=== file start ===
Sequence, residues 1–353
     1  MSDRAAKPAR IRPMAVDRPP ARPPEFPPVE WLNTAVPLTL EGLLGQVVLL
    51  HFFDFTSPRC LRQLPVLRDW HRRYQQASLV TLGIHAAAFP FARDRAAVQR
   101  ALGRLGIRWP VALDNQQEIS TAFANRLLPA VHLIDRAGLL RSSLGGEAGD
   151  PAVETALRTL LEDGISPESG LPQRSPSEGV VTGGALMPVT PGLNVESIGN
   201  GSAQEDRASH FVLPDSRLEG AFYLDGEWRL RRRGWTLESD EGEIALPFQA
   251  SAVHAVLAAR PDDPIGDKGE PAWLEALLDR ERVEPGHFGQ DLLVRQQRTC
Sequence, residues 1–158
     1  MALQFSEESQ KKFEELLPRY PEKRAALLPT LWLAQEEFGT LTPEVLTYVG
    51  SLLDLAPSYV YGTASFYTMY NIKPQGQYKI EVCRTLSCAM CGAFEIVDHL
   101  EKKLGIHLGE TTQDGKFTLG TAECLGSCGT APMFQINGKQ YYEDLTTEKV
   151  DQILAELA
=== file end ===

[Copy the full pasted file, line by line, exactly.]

Sequence, residues 1–353
     1  MSDRAAKPAR IRPMAVDRPP ARPPEFPPVE WLNTAVPLTL EGLLGQVVLL
    51  HFFDFTSPRC LRQLPVLRDW HRRYQQASLV TLGIHAAAFP FARDRAAVQR
   101  ALGRLGIRWP VALDNQQEIS TAFANRLLPA VHLIDRAGLL RSSLGGEAGD
   151  PAVETALRTL LEDGISPESG LPQRSPSEGV VTGGALMPVT PGLNVESIGN
   201  GSAQEDRASH FVLPDSRLEG AFYLDGEWRL RRRGWTLESD EGEIALPFQA
   251  SAVHAVLAAR PDDPIGDKGE PAWLEALLDR ERVEPGHFGQ DLLVRQQRTC
Sequence, residues 1–158
     1  MALQFSEESQ KKFEELLPRY PEKRAALLPT LWLAQEEFGT LTPEVLTYVG
    51  SLLDLAPSYV YGTASFYTMY NIKPQGQYKI EVCRTLSCAM CGAFEIVDHL
   101  EKKLGIHLGE TTQDGKFTLG TAECLGSCGT APMFQINGKQ YYEDLTTEKV
   151  DQILAELA